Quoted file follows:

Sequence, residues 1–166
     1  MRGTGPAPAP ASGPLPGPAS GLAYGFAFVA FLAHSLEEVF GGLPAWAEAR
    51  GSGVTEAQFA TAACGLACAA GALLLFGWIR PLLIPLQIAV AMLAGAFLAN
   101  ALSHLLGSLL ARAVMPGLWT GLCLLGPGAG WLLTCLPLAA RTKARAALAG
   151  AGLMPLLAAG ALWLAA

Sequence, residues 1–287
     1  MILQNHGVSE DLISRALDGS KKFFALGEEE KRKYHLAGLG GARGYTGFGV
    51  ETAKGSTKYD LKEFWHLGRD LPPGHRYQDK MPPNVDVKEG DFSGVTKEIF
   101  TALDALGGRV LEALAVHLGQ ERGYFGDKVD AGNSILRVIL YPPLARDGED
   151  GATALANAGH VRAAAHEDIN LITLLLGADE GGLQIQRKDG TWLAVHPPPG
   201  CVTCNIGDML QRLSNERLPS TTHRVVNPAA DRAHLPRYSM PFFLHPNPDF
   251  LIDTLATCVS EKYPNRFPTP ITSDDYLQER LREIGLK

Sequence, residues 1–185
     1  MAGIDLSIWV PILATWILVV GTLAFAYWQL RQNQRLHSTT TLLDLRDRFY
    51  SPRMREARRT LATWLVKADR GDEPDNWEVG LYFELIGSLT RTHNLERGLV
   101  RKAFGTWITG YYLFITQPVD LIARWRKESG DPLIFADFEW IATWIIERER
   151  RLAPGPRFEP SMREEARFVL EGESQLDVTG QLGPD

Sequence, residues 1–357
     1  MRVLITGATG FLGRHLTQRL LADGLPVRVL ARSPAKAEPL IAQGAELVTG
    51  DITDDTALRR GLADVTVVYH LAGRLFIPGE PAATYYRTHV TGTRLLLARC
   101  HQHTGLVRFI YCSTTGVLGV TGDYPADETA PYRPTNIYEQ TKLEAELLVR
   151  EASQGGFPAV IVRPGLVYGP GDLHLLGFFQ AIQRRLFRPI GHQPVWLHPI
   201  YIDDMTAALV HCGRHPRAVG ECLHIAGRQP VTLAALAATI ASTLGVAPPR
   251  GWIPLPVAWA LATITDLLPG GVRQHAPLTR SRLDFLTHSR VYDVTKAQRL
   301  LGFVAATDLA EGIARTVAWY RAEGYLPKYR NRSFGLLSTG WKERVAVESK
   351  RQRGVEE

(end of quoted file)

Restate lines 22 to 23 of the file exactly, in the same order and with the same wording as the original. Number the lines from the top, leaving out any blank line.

   151  EASQGGFPAV IVRPGLVYGP GDLHLLGFFQ AIQRRLFRPI GHQPVWLHPI
   201  YIDDMTAALV HCGRHPRAVG ECLHIAGRQP VTLAALAATI ASTLGVAPPR